The toll of childhood cancer
Diagnosed at seven and finished with treatment at 10, Ms. Prep spent a significant portion of her young life dealing with ALL.
Intensive chemotherapy to kill active cells, interim therapy to catch any further cells, maintenance therapy, being unable to attend school or play with friends - these experiences weren't within her intellectual or emotional wheelhouse.
Ms. Prep is grateful to be cured: "Among the childhood cancers to get, ALL is particularly treatable," she said. "I was cancer-free within about a month, and everything after that was preventative." Yet the experience took a toll. "It wasn't until I was older and heard stories about other people's childhoods that I realized how different my experience was."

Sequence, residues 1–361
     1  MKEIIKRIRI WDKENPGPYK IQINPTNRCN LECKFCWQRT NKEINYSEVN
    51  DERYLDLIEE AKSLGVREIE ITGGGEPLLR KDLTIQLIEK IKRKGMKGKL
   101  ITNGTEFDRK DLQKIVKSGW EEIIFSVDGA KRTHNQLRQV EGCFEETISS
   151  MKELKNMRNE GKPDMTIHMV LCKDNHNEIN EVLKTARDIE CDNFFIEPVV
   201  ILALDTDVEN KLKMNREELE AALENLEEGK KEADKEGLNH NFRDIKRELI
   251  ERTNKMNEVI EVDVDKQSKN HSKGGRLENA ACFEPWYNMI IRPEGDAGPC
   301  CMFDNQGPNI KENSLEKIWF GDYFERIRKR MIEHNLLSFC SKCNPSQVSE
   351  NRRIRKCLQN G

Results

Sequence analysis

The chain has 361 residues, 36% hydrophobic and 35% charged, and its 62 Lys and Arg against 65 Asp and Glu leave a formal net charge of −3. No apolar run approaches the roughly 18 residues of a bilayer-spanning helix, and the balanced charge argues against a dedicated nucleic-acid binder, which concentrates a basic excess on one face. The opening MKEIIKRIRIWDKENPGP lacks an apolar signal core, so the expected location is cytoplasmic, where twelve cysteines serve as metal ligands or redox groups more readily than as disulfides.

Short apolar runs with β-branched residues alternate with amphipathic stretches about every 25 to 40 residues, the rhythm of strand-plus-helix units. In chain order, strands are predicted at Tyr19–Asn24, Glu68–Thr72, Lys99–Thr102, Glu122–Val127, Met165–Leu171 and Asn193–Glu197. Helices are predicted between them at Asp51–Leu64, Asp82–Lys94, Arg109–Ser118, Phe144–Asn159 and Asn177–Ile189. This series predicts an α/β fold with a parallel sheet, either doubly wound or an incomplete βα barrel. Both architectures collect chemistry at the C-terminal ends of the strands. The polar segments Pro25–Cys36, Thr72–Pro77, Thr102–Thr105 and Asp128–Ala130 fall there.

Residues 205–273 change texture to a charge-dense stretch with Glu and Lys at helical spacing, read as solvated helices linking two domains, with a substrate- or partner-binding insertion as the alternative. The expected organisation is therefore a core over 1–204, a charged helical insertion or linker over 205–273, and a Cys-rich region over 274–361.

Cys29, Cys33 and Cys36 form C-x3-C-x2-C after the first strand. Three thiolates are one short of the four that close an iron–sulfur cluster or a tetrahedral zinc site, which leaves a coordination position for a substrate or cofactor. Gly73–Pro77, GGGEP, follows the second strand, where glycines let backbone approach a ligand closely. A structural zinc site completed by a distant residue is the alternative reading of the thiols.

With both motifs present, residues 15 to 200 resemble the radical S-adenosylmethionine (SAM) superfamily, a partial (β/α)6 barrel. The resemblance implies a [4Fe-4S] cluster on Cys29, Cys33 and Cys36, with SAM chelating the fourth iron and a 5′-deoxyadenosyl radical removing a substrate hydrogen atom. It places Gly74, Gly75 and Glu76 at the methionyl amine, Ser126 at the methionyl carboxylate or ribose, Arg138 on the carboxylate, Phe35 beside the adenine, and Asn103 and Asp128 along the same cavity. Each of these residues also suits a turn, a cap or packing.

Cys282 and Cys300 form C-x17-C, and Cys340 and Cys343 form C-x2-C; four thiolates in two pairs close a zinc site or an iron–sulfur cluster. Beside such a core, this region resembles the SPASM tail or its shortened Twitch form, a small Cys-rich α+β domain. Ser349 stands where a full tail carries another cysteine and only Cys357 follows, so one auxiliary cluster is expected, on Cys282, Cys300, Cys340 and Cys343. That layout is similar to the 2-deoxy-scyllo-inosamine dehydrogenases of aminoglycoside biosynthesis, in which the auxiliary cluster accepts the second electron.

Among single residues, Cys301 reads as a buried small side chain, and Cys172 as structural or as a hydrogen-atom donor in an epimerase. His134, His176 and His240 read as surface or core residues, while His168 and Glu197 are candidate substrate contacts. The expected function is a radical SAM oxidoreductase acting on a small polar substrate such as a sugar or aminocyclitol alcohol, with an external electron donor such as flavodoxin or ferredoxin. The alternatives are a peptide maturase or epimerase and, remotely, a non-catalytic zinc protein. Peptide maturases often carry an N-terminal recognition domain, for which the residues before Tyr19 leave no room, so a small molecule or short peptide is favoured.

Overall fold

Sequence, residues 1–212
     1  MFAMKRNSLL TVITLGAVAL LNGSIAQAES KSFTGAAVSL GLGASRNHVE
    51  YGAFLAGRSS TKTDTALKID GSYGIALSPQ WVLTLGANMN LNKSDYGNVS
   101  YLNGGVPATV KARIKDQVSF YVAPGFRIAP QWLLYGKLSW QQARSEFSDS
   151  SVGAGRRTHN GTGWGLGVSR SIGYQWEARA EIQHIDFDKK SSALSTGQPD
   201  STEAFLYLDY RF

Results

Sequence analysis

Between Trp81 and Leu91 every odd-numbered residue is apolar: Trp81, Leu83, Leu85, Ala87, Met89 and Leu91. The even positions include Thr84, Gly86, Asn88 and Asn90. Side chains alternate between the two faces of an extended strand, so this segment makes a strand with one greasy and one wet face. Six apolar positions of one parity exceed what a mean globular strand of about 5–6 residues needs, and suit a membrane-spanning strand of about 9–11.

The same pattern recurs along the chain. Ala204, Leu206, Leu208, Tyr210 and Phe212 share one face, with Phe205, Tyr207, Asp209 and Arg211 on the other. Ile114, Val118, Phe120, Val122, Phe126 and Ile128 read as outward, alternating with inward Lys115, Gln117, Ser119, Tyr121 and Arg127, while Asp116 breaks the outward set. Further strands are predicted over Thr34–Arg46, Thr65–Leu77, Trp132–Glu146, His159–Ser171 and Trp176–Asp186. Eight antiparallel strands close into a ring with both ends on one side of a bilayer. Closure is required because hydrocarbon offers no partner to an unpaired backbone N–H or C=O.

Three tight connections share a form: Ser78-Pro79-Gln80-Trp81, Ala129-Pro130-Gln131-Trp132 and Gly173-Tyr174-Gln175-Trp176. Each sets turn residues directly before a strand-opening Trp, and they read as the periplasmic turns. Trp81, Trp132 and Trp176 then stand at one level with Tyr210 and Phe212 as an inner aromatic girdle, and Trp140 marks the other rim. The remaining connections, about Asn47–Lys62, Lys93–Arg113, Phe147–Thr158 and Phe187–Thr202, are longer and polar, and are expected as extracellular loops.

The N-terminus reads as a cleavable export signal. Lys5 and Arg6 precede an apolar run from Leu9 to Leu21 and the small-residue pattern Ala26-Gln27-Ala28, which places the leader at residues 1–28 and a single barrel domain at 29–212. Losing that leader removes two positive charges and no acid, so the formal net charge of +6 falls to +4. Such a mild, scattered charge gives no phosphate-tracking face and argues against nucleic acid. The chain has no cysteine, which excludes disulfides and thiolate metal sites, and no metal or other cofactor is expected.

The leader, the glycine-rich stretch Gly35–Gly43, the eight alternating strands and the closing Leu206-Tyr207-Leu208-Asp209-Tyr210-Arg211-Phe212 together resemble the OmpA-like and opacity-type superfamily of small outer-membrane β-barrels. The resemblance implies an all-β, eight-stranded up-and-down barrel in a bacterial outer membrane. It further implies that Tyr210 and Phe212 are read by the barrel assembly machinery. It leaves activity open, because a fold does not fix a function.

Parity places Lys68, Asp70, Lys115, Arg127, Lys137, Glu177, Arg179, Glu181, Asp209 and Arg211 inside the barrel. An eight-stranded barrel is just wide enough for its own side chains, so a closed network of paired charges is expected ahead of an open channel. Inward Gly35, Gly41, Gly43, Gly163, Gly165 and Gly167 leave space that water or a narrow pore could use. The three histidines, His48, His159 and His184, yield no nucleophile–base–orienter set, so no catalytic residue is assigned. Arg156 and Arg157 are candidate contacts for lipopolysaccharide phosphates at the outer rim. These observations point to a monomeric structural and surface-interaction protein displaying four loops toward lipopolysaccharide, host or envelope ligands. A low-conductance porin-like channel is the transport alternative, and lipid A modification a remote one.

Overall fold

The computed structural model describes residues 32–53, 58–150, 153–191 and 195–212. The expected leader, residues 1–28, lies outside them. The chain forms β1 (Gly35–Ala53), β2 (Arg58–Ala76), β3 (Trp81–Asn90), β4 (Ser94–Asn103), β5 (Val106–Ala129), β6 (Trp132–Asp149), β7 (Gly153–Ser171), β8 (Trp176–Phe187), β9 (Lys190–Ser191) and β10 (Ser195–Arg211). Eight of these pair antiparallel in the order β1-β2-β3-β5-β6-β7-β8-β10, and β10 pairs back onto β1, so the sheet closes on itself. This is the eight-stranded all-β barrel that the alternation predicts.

Finally, as a young adult, Ms. Prep began meeting with other childhood cancer survivors - and becoming more vocal. "It's been fascinating to make those connections with other young adults. Most of the time when I speak to them, they say something along the same lines of not feeling like they had anyone to talk to about it."
Ms. Prep began writing her book in her freshman year of college, in November - National Novel Writing Month. "I used the 30 days to write everything down I hadn't addressed in so long," said Ms. Prep.
She hopes writing about her experience can make a difference for other children. "I want to show that I did come out on the other side of it, but that it wasn't so simple."
This fall, Ms. Prep returned to NYU as a teacher's assistant.